London’s impressive Science Museum illustrates the history of science and technology from around 1700 to today. The museum covers a wide variety of subjects, from engines and space travel to computers and medicine.
Even the most science-averse people will find something of interest here, be it the massive steam engines, the space rockets, thermal cameras, mechanical computers or curiosities such as a rolling-ball clock or the first automatic tea-making machine. The museum also has many hands-on experiences; you can try one of the oldest computer games, experiment with light or take control of a real flight simulator.
The Science Museum was created in 1909 when the scientific collection of the V&A Museum was made independent. In 1913 the new museum moved to its own building, a large neoclassical structure designed by Richard Allison. The architect modeled the interior on department stores and created large open spaces ideal for the display of the museum’s massive machines.
Over the years the museum’s collections kept growing, in particular in the 1980s, when the collection of the Wellcome Museum of the History of Medicine was acquired. In 2000 the museum expanded with the opening of the new Wellcome Wing, which added 10,000 square meters (100,000 sq ft) of exhibition space and houses among others an IMAX 3D movie theater.
The Museum’s Collections
Thanks to its clear and open layout the museum is easy to navigate. The main building has seven floors; each floor contains several galleries covering different scientific topics. Due to the museum’s size it is difficult to see everything in one go, and it might be a good idea to get a map of the museum at the entrance hall and make a selection of galleries you want to visit.
The basement of the museum explains the basic fundamentals of science. The ‘Garden’ introduces children from three to six years to science in a hands-on environment where they can pull levers and experiment with water, light and sound. The basement is also home to a gallery that reveals the technology behind common household items.
The ground floor is usually the most crowded and houses some of the museum’s largest objects, including a giant red mill engine in the Engine Hall that, from 1903 until 1970, used to power 1700 looms at once. One of the most popular galleries in the museum is the Exploration of Space, where you can see real rockets and space suits. Another gallery, ‘Making the Modern World’, highlights key breakthroughs in technology, from the ‘Puffing Billy’ – the world’s oldest steam locomotive – and the Ford T – the first affordable car – to supercomputers and personal computers.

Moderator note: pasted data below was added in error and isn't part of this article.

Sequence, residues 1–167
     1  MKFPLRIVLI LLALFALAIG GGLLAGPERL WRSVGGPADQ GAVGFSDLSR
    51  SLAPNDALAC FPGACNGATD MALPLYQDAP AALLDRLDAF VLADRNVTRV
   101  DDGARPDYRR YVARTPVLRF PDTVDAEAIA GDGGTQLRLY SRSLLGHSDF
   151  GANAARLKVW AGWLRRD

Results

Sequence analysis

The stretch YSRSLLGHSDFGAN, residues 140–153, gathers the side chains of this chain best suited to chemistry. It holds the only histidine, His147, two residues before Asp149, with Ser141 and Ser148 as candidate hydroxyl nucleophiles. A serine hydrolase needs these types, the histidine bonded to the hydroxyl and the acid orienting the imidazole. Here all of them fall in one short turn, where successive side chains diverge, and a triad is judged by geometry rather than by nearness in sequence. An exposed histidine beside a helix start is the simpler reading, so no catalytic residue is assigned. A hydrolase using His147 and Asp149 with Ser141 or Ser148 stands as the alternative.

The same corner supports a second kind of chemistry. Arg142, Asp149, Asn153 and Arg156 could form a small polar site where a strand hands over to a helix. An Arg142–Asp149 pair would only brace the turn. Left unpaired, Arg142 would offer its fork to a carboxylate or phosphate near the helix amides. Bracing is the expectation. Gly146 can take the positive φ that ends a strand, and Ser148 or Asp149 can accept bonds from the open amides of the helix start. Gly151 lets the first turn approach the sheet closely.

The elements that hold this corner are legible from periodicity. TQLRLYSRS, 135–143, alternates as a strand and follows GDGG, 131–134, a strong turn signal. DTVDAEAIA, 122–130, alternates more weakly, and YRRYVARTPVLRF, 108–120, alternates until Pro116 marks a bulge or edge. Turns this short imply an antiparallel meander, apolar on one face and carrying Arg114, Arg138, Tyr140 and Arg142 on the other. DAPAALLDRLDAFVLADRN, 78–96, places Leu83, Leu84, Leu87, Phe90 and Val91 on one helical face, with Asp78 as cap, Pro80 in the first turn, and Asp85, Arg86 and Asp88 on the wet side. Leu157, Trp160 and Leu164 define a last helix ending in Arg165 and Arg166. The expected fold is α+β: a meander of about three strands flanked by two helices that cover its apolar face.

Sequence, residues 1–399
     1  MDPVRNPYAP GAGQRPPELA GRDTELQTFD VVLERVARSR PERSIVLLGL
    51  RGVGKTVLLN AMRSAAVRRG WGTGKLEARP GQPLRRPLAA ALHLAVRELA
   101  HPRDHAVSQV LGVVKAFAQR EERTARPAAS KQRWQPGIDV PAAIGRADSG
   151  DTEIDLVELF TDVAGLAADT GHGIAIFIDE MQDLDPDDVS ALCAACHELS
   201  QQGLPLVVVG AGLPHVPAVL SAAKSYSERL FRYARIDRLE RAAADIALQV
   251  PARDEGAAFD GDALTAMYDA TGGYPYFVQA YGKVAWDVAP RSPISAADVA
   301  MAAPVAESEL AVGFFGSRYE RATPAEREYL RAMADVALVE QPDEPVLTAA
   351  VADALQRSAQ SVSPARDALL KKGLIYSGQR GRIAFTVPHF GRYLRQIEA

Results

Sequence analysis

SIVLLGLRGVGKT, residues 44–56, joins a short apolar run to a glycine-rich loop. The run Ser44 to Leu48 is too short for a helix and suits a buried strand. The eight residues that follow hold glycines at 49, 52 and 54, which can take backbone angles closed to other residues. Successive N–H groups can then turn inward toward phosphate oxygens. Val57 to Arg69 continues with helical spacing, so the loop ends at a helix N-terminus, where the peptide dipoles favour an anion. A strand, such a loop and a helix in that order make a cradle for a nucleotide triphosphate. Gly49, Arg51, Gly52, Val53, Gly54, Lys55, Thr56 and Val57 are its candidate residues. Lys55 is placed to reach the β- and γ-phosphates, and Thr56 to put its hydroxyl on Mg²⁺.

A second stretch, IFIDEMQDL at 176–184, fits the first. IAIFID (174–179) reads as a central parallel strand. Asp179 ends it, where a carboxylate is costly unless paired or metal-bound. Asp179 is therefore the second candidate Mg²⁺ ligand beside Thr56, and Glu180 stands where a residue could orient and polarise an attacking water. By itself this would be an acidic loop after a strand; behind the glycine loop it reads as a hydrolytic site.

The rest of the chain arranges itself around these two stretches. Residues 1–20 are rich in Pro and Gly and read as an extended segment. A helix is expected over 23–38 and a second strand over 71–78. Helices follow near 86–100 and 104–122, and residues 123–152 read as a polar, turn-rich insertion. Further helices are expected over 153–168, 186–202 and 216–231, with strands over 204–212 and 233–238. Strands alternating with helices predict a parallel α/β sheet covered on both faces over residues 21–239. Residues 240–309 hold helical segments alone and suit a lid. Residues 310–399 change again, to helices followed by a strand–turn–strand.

17th and 18th century
On the first floor you can discover all sorts of materials, from ceramic tiles to fiber, and learn about their properties and how they are used. Another gallery on this floor explores the world of telecommunications – showing the progress made over the last one hundred years, from letters over telegraphs to mobile phones. Other galleries on the first floor show the history of agriculture, the study of the cosmos, and the measurement of time through the ages – with a pretty impressive collection of sundials and clocks.
The second floor tackles the world’s energy problems and its dependence on fossil fuel. Other galleries revolve around our digital world and its history: mathematics, electronic music and the evolution of computers are covered here. You can see old synthesizers, the oldest working electronic computer and the Difference Engine no. 2, a huge mechanical computing device conceived in the nineteenth century.
A large part of the third floor is occupied by the museum’s collection of airplanes, which includes an exact replica of the Wright brothers’ first airplane. On the same floor is the Launchpad, an interactive experience geared towards children, and an overview of science in the Age of Enlightenment during the eighteenth century.
Fourth & Fifth Floor
On the fourth and fifth floors you find the collection of Henry Wellcome, which shows the history of medicine from the Neolithic Period to today. Here you can see how they performed surgery thousands of years ago, see the microscope of Louis Pasteur and president George Washington’s false teeth. There are also some displays focused on veterinary history.
The galleries in the Wellcome Wing, which is connected to the main building on the ground floor, are focused on contemporary science and today’s rapidly changing technologies. Children will love the hands-on experience in the Pattern Pod, while adults will be intrigued by ‘Who am I’, an interactive experience on the first floor which investigates what traits make us who we are. The second floor covers the hotly debated climate changes and the top floor explores the technology of the future.